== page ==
Hello readers and welcome back to my Trainee Diary Series!
I do apologise for not having been able to publish a blog about my time on secondment at the NatWest Group – it’s been a combination of things including workload and confidentiality restrictions! So I thought in this end-of-seat blog I would give you an overview of what I got up to on secondment now that some of my work is public, why it’s a good opportunity if your firm offers secondments and what I’ve gained from my time here at NatWest.
What I got up to at NatWest
I was based in the corporate mergers and acquisitions team at NatWest. I worked as part of the “business functions” meaning that I was part of a core team that conducted all the corporate legal workings of the NatWest Group. This involved working for the whole NatWest Group (head parent company), different subsidiaries and branches such as Royal Bank of Scotland and Coutts & Company.
I was involved in various transactions but due to confidentiality reasons I can only discuss the transactions that are publicly announced. One of the transactions that I was involved in was the transfer of NatWest’s Adam & Company (a private bank) to Coutts & Company (another of NatWest’s private banks). We did this using what is known as a “Part VII Business Transfer” under the Financial Services and Markets Act 2000. We put advertisements in The Gazette and you can find the link to The Edinburgh Gazette advertisement here – https://www.thegazette.co.uk/notice/4088785.
This process involved various parts such as:
- Reporting on client communication statistics
- Lodging documents such as accounts and approvals to the court
- Appointing a Court Reporter (who conducts research on the transfer, writes everything up in a report that either does or does not recommend the transfer)
- Attending court hearings
The final court hearing, which was held in May 2022 before Lord Clark in the Court of Session in Edinburgh, granted sanction (i.e. approval) of the scheme. This meant that NatWest now had the court’s permission to proceed with executing the business transfer. A business transfer like this has to come before the court for sanction for a few reasons; one of them is because the court has to be convinced that transferring the Adam business into the Coutts business would not have a detrimental impact on the two banks’ clients.
Other transactions that I’ve been involved in include acquisitions (NatWest buying), disposals (NatWest selling), and joint ventures. There are also various tasks that I got up to such as:
- Reviewing non-disclosure agreements (NDAs) – there are many different types of NDAs but one of my tasks would be to review the NDA and consider whether the obligations on NatWest are too onerous and whether NatWest’s protections are sufficient. It’s a balancing act between both parties!
- Liaising with the different NatWest teams and law firms
- Arranging and attending meetings and consultations
- Reviewing and drafting documents as well as arranging for signature of documents
- Reporting to seniors on current deals and transactions that the M&A team are working on
Why go on a secondment?
I think that if your firm offers the opportunity to do a client secondment during your Training Contract, it is a great opportunity to spend some time in a different environment and learn a different set of skills. When you join a client, you are learning about their business; how it functions as a whole, how it is run on a daily basis and how clients use law firms.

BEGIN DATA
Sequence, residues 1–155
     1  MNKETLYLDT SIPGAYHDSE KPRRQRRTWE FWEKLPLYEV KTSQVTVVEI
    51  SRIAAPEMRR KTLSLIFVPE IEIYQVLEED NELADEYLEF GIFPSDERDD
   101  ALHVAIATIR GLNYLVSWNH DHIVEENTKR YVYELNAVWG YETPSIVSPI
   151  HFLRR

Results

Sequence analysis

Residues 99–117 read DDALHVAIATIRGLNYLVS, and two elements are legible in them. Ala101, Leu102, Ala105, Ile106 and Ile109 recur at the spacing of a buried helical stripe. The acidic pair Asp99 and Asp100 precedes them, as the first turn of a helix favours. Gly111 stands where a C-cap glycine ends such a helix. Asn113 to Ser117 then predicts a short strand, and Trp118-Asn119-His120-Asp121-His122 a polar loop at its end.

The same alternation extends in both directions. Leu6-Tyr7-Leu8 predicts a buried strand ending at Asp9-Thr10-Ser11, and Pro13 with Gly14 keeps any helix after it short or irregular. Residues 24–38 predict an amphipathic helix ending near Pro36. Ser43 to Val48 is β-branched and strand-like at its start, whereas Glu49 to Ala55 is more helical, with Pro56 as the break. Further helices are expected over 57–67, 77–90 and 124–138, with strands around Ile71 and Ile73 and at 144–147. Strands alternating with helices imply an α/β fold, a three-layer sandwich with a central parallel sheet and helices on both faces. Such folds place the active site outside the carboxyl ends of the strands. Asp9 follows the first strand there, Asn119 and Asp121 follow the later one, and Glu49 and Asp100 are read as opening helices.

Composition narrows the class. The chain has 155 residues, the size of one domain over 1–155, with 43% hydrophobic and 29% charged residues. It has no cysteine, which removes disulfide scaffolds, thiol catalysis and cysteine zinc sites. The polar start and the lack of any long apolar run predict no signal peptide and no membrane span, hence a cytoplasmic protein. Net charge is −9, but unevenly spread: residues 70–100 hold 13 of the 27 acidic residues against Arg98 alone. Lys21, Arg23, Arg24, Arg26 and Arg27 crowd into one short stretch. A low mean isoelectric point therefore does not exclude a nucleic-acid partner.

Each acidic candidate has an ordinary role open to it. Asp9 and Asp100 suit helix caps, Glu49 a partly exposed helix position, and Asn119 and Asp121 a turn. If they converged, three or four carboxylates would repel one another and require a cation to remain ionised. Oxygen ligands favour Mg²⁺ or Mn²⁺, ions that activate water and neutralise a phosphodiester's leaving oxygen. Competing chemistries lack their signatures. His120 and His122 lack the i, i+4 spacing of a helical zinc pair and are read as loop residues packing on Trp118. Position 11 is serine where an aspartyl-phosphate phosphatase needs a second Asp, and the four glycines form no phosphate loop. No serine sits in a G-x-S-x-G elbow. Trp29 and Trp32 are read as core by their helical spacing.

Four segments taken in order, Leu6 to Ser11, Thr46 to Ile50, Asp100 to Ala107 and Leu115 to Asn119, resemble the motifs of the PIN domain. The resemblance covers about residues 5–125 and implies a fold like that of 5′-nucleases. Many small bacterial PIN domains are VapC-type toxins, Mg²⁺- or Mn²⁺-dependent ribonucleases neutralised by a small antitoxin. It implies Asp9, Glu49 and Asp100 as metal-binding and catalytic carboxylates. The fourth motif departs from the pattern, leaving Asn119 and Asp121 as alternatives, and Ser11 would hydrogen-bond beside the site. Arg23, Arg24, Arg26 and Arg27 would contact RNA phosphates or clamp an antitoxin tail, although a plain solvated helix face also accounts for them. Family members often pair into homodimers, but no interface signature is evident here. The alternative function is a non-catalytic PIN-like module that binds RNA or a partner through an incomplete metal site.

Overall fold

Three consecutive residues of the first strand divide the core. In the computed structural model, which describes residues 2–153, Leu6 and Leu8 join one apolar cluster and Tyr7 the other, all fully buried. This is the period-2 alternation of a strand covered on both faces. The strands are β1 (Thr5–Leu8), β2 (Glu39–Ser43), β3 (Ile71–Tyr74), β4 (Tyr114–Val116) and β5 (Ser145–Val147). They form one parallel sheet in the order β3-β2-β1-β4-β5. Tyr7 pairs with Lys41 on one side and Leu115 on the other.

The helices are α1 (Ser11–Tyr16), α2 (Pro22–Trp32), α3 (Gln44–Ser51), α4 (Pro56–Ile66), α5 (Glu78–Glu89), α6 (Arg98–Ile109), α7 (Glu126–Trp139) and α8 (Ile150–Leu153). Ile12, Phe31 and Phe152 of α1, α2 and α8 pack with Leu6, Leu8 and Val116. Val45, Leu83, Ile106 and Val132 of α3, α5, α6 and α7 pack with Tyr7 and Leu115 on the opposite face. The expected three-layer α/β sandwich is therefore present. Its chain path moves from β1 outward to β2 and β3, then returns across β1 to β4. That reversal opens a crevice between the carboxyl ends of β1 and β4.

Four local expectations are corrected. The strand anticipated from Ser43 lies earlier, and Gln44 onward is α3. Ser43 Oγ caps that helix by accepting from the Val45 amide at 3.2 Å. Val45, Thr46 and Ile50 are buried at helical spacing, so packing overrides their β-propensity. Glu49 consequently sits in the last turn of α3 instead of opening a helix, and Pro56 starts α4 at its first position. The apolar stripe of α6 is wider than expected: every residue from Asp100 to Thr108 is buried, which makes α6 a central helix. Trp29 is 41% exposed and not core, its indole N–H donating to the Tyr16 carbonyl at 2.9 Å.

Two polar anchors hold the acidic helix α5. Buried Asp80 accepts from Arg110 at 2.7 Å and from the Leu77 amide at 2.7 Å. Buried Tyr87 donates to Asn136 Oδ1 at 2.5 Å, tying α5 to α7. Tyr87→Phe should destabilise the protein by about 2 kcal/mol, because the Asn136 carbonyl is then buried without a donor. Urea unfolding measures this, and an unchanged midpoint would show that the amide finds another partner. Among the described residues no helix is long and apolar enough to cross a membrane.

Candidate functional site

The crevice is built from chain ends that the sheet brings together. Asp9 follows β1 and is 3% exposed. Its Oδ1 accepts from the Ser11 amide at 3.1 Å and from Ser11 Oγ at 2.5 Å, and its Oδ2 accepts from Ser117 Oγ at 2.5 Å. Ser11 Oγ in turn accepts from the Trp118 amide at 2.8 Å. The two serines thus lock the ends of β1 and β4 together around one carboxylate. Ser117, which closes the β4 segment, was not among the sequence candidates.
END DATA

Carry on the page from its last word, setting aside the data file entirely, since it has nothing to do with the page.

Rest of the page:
One of the key differences for me about working in-house at the NatWest Group was that there is no time-recording. At law firms, you have to time-record what you do during the day because that relates to how clients are billed for the legal services. However, my role at NatWest was to execute deals and transactions on behalf of the business so I didn’t have to time-record (because otherwise I’d be billing NatWest for the work I was doing for NatWest). This made things a little trickier in terms of estimating your level of capacity but it is a good way to enhance organisation and personal effectiveness skills.
Being on the client side also means that you gain a deeper level of understanding of the relationship between law firms and their clients. You learn about what clients like/don’t like their firms to be doing/not doing, how clients like to interact with law firms and what clients expect from law firms. It means that you understand how to keep clients happy and get repeat work from them.
What I’ve gained from secondment
I’ve listed out a few things that I’ve learned from my secondment that I know will stand me in good stead for future seats and my career but this is in no way exhaustive:
- Corporate and business skills – including learning about corporate governance procedures in a large bank and considerations of key commercials in transactions
- Increased responsibility – you are not always treated as a trainee solicitor on secondment (as not everyone knows you are a trainee solicitor) so it means you have the opportunity to take on more responsibility
- Client care – a secondment is a great opportunity to learn more about your firm’s clients and how you can keep them happy
I’m more than happy to discuss with anyone interested in secondments about the benefits of them!
Off on my next adventure
As my 6-month secondment comes to an end, another adventure awaits! I’m now based in the insurance and reinsurance litigation team in the Edinburgh office and I’m really excited to be back at CMS and learning about something completely new!
As always, I am more than happy to discuss with any of my readers about my time at CMS, NatWest or training contracts as a whole so please do get in touch!